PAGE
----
Wood said his Jamaican workers, who are expected to arrive at Poverty Lane Orchards in early June, were also tuned into the national mood. After a hard day of work, they retire every night to a shared bunkhouse, where they often watch television together.

“The most lively place in this whole county when there’s a presidential debate going on is in our bunkhouse,” said Wood. “Those guys know more about American politics and history than most of us. They’re shouting and laughing and then getting (angry).”

But Wood said Trump’s election has cast a pall over the happy work environment.

“I went over there the night of the election,” he said. “It was a bunch of guys glumly staring at the TV they were usually shouting at.”

Administrative Delays

Wood said the H-2A program is already difficult to use. Over the past 15 years, he said, the Department of Labor has increased fees and paperwork requirements, while reducing flexibility in timetables. Workers who show up a day late are cast out of the program, he said.

“We have power, undeserved, unwanted power over people’s lives,” Wood said. “I had a guy show up one year who, as soon as he got here, ran to the phone, because when he left Jamaica his wife was in labor. There was no way for him to call and say, ‘Can I come a week or two later.’ ”

Because it takes at least five weeks to process an application, Wood said, there’s no way for him to use his H-2A workers to respond to unanticipated changes in his labor needs due to, for example, weather patterns.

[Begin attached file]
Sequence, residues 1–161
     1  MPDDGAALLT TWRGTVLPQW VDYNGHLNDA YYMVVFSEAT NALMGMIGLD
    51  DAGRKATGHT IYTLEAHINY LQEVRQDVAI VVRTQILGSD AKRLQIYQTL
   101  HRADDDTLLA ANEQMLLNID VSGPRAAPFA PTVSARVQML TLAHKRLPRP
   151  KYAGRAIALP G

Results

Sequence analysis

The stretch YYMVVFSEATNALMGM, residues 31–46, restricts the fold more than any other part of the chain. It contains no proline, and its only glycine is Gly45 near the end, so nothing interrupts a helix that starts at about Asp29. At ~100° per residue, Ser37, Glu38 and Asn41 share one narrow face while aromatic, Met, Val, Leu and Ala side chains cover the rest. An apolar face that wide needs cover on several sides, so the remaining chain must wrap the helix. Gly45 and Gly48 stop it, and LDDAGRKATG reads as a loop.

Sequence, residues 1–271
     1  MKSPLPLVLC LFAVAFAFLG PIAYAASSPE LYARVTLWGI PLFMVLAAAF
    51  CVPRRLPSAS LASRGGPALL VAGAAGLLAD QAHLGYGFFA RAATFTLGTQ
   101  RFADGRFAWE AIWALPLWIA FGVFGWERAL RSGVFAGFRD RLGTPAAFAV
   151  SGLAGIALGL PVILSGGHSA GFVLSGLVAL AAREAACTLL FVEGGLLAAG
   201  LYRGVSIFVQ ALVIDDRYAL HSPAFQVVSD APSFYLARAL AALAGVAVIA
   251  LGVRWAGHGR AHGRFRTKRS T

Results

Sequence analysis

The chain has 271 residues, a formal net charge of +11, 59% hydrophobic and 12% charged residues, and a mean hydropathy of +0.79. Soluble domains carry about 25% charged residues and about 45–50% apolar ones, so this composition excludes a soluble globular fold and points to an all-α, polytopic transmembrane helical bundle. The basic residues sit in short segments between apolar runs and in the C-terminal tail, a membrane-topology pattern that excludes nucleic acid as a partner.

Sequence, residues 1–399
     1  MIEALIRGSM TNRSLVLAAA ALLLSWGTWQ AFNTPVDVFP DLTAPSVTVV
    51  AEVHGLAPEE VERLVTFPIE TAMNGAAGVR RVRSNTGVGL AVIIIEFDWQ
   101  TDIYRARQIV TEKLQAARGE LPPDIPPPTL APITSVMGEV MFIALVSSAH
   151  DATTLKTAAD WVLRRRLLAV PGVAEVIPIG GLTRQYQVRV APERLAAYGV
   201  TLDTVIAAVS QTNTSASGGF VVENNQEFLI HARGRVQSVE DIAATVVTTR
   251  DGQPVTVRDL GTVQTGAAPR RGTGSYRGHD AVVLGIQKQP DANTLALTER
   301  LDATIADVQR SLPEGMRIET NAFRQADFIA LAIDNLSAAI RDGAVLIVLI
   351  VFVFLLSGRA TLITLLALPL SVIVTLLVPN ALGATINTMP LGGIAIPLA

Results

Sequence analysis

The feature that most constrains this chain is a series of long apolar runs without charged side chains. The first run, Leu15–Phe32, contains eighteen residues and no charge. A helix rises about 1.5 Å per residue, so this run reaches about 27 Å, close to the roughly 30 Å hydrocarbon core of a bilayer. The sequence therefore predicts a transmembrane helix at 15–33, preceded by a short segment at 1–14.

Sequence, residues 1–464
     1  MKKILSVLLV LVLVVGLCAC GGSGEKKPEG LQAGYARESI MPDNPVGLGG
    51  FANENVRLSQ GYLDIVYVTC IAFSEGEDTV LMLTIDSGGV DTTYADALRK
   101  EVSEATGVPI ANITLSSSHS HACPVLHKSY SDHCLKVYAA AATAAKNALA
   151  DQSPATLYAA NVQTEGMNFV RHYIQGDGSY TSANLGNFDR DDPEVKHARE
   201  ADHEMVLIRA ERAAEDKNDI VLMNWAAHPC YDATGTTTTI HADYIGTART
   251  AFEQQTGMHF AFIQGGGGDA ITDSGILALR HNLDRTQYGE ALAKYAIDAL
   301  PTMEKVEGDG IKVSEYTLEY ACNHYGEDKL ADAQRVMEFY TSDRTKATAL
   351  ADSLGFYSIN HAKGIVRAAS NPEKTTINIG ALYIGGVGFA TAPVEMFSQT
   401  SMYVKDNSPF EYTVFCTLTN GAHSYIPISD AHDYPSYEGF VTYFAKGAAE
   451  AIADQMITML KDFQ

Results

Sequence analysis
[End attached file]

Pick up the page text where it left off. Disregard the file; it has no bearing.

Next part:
Brenda Bailey, a manager at Poverty Lane Orchards, said the business has applied to have this year’s workers arrive on June 1, but that she anticipated delays due to administrative processing and additional paperwork requirements.

The American Farm Bureau Federation, a national farm advocacy group, found that administrative delays that slow the flow of H-2A migrant workers into the country cost farms $320 million.

Wood said that, after Trump issued a handful of executive orders targeting other visa programs, he spoke to the workers by phone to touch base, and make sure that they could still rely on each other.

“It’s like sharing a grim chuckle,” Wood said. “They are not as offended as I am myself. They know that they are in a post-colonial world that still treats people the way they did.”

Chance Payette, the state program monitor for the Vermont Department of Labor, is tasked with making sure that Vermont employers who hire foreign workers through the programs aren’t sidelining American-born workers in the process.

“My piece of this process is the local recruitment,” he said. “Our job is to find the local workers for those jobs.”

Before Wood or Sprague hire a Jamaican worker, they first have to advertise the positions locally. If a qualified American-born applicant shows up, they must hire the applicant in favor of the H-2A worker. The Department of Labor also directs qualified applicants to employers who use foreign labor. If the applicant is turned away, Payette report the employer’s name to the U.S. Department of Labor for a federal investigation.

Payette says the system works pretty well — in the four years he’s been monitoring the state’s workers, he’s only had to report a single employer to the federal government.

Payette said that, because employers aren’t able to successfully hire locally, particularly in rural, out-of-the way areas across the state, the workforce is vital to the state economy.

“Obviously, there’s a definite need for the program,” he said. “We need to get the crops out of the field We need to get the fruit off the trees.”

Matt Hongoltz-Hetling can be reached at or 603-727-3211.